Pulmonary Arterial Hypertension (PAH)

Pulmonary Arterial Hypertension is a rare but life-threatening disease, characterised by high blood pressure in pulmonary arteries.  Pulmonary arteries are blood vessels that carry blood from the heart to the lungs, for oxygen saturation.

As pulmonary arterial pressures increase, it becomes more and more difficult for the heart to pump blood through the lungs. Progressively, the heart struggles to pump against these high pressures, and this may ultimately lead to heart failure.

Pulmonary Arterial Hypertension can occur with no known underlying cause, or it can occur in association with other conditions such as connective tissue disease, congenital heart defects, portal hypertension or administration of other medicines such as anorexigens.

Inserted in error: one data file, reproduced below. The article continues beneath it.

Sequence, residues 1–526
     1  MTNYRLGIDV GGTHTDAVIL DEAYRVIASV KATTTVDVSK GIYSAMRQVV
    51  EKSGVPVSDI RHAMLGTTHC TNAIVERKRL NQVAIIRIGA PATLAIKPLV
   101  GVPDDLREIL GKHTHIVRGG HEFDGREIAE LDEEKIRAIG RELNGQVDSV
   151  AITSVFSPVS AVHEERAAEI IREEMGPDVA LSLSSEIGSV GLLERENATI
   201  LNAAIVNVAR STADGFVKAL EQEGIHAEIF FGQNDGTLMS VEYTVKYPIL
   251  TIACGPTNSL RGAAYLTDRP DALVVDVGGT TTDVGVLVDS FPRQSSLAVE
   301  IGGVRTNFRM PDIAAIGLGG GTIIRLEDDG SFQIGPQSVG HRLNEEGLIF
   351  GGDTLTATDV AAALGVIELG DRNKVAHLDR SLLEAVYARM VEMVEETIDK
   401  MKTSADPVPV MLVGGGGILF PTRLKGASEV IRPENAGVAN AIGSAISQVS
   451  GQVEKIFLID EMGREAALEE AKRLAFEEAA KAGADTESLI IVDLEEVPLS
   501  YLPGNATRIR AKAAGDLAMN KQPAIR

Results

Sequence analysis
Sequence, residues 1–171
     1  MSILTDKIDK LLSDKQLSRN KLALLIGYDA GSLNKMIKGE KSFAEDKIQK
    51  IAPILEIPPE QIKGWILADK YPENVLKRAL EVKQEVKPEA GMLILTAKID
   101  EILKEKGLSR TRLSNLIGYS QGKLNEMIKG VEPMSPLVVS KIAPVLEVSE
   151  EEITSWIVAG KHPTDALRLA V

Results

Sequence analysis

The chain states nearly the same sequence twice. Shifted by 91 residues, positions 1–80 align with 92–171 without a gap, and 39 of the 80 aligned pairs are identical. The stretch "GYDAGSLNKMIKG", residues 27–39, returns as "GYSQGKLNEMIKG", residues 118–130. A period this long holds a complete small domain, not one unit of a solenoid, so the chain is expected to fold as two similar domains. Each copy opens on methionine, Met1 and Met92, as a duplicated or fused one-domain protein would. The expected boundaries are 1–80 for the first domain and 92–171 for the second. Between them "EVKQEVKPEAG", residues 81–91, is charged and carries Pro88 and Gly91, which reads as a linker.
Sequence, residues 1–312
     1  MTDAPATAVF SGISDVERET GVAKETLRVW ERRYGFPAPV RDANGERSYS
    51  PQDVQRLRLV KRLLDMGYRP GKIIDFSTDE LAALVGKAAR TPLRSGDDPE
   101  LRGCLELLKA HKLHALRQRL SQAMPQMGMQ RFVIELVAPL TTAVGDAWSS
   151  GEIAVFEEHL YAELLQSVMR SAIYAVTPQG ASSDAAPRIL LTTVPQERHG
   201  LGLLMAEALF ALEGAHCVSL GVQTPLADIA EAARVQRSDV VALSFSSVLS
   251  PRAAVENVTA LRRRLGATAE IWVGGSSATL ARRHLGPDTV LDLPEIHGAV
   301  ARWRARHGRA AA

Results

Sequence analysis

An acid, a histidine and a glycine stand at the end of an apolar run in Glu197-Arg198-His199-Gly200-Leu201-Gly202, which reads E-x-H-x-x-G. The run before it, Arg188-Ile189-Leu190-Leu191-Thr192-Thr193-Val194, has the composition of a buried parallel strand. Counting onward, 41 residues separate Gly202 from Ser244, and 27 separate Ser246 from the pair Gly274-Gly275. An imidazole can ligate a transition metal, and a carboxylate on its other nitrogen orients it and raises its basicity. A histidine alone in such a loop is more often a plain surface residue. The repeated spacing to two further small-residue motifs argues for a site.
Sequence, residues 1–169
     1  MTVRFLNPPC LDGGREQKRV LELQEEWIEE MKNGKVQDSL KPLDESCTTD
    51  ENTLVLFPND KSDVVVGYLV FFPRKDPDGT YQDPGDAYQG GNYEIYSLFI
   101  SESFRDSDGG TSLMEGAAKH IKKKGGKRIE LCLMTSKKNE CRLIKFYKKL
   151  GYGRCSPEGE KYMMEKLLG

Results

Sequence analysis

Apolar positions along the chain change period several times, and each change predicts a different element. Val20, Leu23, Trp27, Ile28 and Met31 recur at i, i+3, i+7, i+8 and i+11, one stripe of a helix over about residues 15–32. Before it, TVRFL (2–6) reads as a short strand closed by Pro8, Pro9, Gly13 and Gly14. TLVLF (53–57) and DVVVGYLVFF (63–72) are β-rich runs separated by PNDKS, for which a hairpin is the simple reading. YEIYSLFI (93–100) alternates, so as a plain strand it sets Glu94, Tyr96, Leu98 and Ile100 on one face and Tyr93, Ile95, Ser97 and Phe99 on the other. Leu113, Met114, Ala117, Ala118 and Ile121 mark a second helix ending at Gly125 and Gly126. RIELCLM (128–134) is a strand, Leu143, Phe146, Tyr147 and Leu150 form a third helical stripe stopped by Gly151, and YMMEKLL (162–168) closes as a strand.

Pulmonary Arterial Hypertension is a rare disease that can affect people at any age. Its incidence is estimated to be 15-50 cases / million population. Worldwide, approximately 200,000 people are affected by Pulmonary Arterial Hypertension, while it is almost twice as common in women as men. The disease is more common in certain high risk groups, such as scleroderma patients and patients of congenital heart defects. In Greece, it is estimated that there are 350-550 Pulmonary Arterial Hypertension patients.

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